- The choir and south side of the nave remain of this late 14th-century parish church. The choir contains three canopied monuments to the Douglas family, including the tomb of Good Sir James, the Black Douglas knight who famously carried the heart of Robert The Bruce on Crusade. As well as housing the tombs of some of the most important members of the Black Douglases, the property also has exquisite stained glass windows, and a remarkable memorial to Lady Lucy Elizabeth Douglas-Home. The bell tower with the 16th century clock is adjacent to the ruined Inglis aisle. Standing 51 feet high it is in excellent condition. The upper part is octagonal and the top forms the belfry with small arched windows.The bell is rung each Sunday prior to the church services of the present Parish Church which has no bell tower.
- While there are many unsubstantiated claims that Mary, Queen of Scots visited certain towns and villages in Scotland, there is good reason to believe she did actually visit Douglas, as her husband, Lord Darnley, was the eldest son of Lady Margaret Douglas. Lady Margaret’s parents owned the Douglas Castle and lands at that time.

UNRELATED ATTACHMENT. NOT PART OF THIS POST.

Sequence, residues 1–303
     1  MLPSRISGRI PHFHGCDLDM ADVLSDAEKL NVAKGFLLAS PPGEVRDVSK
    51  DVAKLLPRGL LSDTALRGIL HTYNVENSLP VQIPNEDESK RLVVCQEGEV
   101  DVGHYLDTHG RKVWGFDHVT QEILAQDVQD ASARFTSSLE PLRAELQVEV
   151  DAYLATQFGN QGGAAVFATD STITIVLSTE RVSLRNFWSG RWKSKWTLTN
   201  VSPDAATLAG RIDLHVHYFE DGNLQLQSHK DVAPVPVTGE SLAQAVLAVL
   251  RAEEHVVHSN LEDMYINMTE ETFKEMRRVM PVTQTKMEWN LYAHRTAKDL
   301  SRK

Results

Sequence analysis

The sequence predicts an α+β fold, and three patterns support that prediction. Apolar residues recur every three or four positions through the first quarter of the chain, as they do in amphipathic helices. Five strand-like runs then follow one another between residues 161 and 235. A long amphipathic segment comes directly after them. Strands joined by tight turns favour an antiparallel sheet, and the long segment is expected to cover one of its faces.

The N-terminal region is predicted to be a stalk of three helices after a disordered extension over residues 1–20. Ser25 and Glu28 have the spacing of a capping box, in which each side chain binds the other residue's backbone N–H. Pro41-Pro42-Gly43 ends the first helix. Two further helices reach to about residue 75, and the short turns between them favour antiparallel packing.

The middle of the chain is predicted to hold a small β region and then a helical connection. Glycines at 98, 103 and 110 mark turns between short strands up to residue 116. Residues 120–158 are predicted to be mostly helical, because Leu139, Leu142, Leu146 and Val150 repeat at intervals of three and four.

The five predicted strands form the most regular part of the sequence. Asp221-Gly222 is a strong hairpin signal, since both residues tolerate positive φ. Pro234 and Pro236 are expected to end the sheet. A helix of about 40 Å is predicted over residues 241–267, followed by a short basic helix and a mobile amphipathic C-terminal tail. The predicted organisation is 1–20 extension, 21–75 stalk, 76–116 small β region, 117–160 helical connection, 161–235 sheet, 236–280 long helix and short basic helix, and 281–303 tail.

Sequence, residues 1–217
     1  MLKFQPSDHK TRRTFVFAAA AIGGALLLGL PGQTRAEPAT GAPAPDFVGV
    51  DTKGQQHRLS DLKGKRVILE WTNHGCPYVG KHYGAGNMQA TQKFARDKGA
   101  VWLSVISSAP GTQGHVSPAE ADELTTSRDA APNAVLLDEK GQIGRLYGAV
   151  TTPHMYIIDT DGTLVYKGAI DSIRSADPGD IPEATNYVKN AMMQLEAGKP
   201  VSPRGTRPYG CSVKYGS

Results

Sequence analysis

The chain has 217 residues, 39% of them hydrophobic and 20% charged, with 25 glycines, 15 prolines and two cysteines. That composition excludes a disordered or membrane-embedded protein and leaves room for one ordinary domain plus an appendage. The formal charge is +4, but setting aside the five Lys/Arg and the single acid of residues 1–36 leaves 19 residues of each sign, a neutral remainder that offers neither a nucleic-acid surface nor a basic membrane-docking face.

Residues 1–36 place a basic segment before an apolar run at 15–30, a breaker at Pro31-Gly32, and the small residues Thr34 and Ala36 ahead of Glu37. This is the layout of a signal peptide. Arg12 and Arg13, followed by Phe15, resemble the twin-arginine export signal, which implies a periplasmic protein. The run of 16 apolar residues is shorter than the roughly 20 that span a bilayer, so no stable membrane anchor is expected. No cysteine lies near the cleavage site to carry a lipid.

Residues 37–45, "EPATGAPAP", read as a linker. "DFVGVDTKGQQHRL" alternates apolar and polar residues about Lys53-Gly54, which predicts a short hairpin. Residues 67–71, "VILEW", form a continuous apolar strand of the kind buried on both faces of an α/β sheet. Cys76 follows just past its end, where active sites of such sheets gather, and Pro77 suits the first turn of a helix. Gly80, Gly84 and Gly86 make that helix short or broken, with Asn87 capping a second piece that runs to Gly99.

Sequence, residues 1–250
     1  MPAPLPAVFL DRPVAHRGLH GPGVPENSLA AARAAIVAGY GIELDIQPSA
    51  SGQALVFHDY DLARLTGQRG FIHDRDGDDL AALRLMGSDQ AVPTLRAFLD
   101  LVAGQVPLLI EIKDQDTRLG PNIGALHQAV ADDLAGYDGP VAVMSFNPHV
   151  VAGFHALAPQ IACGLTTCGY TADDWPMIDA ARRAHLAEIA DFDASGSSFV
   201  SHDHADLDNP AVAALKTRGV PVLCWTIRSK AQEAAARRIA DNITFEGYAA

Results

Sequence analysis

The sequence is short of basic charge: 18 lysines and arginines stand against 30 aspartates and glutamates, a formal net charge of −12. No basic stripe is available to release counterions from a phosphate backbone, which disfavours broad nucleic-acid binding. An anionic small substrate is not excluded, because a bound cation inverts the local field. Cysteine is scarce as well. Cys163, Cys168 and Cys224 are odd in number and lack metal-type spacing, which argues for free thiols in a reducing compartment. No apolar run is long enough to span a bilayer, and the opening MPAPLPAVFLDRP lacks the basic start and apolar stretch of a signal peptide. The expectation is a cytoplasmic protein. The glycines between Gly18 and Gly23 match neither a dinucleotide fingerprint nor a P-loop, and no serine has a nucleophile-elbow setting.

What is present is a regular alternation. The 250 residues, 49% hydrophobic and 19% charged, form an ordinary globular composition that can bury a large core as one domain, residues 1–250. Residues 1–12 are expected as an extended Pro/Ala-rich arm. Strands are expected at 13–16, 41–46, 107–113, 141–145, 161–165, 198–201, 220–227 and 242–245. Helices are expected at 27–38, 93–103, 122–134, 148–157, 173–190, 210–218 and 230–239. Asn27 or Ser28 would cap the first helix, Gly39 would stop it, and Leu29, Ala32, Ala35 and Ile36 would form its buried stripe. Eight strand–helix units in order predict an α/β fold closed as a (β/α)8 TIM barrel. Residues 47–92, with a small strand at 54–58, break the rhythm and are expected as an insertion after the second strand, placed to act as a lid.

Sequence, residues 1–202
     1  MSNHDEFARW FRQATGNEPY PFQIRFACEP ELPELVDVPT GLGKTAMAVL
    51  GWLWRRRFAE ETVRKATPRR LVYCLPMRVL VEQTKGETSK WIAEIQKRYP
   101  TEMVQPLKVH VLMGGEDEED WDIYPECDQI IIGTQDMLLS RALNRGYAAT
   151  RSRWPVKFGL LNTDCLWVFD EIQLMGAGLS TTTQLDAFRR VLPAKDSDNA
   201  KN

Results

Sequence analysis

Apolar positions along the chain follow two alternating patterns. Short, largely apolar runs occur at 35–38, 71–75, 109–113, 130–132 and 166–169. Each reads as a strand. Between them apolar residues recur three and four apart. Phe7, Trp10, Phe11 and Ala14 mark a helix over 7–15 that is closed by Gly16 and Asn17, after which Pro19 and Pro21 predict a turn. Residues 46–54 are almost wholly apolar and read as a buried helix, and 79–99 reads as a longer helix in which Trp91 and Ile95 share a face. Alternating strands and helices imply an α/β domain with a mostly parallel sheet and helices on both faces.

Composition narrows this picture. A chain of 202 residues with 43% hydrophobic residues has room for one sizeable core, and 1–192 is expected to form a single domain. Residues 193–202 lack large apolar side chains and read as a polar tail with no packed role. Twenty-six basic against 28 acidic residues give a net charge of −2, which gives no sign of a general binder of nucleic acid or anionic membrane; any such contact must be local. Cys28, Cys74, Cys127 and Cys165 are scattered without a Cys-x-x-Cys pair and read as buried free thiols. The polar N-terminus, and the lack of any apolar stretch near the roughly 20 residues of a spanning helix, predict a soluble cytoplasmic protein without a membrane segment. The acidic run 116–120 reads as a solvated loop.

- Originally the St Bride’s Church clock bore the date of 1618, but during previous repair work it was found the style could be attributed to a much earlier date, and was consequently changed to 1565. It is reputed to be the oldest working clock in Scotland, and is of great interest to horologists.
- Historic Scotland has 345 outstanding historic properties and sites in its care. These include some of the leading tourism attractions in the country, including Edinburgh, Stirling, and Urquhart Castles, Fort George, Linlithgow Palace, the Border Abbeys, and Skara Brae. For further details visit: www.historic-scotland.gov.uk
- Historic Scotland is an executive agency of the Scottish Executive charged with safeguarding the nation’s built heritage. It is fully accountable to Scottish Ministers and through them to the Scottish Parliament.